Ellis Thomas, from Caernarfon, north Wales, had spent the day with his partner browsing the Christmas markets in Cardiff, around 128 miles south, before catching the 3.23pm train home on Wednesday
It took a disgruntled man 12 hours to complete a usually four-hour journey by train after Transport for Wales dumped people in the cold and dark to wait for a rail replacement bus when a series of issues tossed their service into chaos.
Ellis Thomas, from Caernarfon, north Wales, had spent the day with his partner browsing the Christmas markets in Cardiff, around 128 miles south as the crow flies, before catching the 3.23pm train home on Wednesday.
What should have been a four-hour journey then ended up taking more than 11 hours as he criss-crossed Wales after multiple delays and abrupt train terminations.
The 22-year-old eventually arrived back in Bangor, where he’d left his car two days before, just after 2am, Wales Online reported.
His awful journey, which he likened to a “day from hell”, started going awry just one stop in when the train rolled into Newport.
An announcement informed passengers the train was terminating and Transport for Wales staff advised anyone heading north to race across the platform to catch the next train to Manchester instead.
As Ellis and his partner sprinted over the bridge between platforms, the Manchester-bound train pulled away.
He said: “There were 50 people running over the bridge and when the train left, some people just lost it. I just thought, it is what it is and waited.”
The train disruption was caused by a broken section of track at Craven Arms in Shropshire, which affected services on Wednesday and into Thursday.
By late afternoon, Ellis and his partner were still four hours from home. Staff advised the pair to catch the train to Hereford, which was “at least more northern”.
But as the train reached Abergavenny, it halted and the driver said there was a red light ahead. It stayed on the tracks for two hours, not moving, said Ellis.
“We were just sat on the train outside the station for two hours,” he said.
When they eventually got to Hereford, two hours later than planned, they heard the track had been fixed and the service could continue to Manchester.
But one stop from Craven Arms, the train ground to a halt again due to further faults down the line.
There was another two-hour wait for Ellis and his partner in a two-carriage train with no drinks trolley and one toilet out of order.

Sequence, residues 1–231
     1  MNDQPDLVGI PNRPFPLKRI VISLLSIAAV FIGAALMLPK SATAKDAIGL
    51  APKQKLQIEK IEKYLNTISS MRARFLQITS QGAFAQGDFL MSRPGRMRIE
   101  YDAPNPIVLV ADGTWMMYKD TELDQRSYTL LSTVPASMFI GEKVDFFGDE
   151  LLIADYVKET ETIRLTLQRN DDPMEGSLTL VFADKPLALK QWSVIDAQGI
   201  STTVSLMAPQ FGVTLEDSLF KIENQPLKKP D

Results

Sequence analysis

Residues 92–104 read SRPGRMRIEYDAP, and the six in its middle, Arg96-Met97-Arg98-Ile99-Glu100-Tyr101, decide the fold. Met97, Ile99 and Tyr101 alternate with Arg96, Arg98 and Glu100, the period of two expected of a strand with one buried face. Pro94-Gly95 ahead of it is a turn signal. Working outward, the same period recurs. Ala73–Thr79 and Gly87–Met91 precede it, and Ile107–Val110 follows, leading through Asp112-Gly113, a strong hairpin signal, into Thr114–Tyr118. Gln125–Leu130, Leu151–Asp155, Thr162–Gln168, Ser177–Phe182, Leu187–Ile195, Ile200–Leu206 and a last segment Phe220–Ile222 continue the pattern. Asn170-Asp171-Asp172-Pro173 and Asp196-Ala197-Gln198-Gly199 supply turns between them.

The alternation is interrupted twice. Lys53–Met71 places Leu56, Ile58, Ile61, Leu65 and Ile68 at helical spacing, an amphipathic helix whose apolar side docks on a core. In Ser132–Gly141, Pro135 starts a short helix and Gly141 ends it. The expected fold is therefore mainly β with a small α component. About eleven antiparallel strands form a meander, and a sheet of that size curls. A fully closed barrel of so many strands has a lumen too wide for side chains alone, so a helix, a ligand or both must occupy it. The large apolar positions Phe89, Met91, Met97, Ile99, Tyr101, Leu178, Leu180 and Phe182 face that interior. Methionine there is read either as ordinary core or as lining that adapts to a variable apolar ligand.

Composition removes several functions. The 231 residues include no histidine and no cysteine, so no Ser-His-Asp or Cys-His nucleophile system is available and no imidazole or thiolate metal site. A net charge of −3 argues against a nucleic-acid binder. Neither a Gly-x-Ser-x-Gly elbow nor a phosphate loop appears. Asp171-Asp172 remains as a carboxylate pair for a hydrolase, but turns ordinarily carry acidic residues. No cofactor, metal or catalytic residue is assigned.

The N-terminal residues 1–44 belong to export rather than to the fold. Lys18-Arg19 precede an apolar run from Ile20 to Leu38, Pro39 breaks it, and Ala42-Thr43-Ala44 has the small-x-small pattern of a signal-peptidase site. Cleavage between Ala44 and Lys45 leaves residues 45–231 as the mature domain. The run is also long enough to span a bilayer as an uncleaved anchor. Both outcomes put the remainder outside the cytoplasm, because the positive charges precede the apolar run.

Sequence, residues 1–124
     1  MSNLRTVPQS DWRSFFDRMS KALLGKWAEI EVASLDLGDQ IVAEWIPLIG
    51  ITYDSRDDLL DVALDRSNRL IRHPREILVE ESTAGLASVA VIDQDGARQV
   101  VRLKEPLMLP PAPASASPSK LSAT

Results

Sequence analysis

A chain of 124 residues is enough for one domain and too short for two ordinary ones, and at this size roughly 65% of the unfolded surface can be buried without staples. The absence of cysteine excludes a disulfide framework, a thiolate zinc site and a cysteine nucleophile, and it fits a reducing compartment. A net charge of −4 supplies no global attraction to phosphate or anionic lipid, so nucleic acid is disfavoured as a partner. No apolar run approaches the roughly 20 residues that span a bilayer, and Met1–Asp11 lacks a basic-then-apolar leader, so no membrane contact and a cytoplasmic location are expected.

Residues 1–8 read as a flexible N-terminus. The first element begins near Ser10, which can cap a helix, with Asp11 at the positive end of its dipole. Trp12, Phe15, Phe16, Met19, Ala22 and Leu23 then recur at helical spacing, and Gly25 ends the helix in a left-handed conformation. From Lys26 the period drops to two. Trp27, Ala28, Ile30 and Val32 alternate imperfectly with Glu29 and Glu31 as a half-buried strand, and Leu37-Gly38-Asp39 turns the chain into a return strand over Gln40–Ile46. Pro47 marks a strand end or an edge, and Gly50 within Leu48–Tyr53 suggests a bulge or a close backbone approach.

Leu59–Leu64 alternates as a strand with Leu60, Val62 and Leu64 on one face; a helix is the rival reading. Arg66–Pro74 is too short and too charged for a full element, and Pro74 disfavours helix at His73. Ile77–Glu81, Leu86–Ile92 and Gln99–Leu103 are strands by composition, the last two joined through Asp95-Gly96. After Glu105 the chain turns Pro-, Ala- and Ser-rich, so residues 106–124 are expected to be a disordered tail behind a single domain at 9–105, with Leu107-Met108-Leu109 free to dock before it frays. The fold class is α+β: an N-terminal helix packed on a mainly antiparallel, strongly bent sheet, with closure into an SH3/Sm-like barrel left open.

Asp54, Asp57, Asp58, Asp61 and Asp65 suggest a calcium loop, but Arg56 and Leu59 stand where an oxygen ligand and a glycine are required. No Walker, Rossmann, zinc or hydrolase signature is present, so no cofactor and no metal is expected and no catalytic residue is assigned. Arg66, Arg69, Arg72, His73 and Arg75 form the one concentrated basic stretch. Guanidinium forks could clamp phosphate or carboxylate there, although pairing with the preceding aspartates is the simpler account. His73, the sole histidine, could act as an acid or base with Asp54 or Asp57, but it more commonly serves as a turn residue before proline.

Another announcement told them the train would terminate at Craven Arms and a bus would offer alternative onward transport.
“Craven Arms is a small station, with no staff, and around 100 of us were just dumped there,” Ellis said, adding that he watched the train they had just alighted sailing back in the direction it had come towards Cardiff.
“We all just stood there in the car park, waiting for the bus.”
When it arrived, there were just 10 seats on it, he claimed, and he was “lucky” to get on.
“Next thing, everyone was pushing for the bus and ramming the door,” Ellis added.
The bus only took them as far as Shrewsbury, which meant Ellis had still only completed two thirds of his journey and it was by now approaching midnight.
He waited an hour at Shrewsbury for the next train to Chester, which was then promptly cancelled and in desperation he phoned for a taxi instead.
Shelling out £50 for a cab, they were halfway to Chester when his train app said the 12.40am train to Bangor was cancelled too.
Ellis said: “I just thought we’ll have to get a taxi all the way home. We went right through mid-Wales, Corwen, Bala, Capel Curig, all the way to Bangor,” he said.
His taxi cost £108, on top of the £44 he’d paid for the original ticket, and it was 2am when he finally saw his car again.
So exhausted from his near-12 hour journey, Ellis said he slept in until lunchtime the next day to recover. He is due to travel back to Cardiff this weekend to watch the rugby and is hopeful he has a more straightforward journey home.
A spokesperson for Transport for Wales said they agreed ticket acceptance with three other rail providers and added rail replacement services.
They blamed the broken tracks and said they “apologise to Mr Thomas for any inconvenience this may have caused.”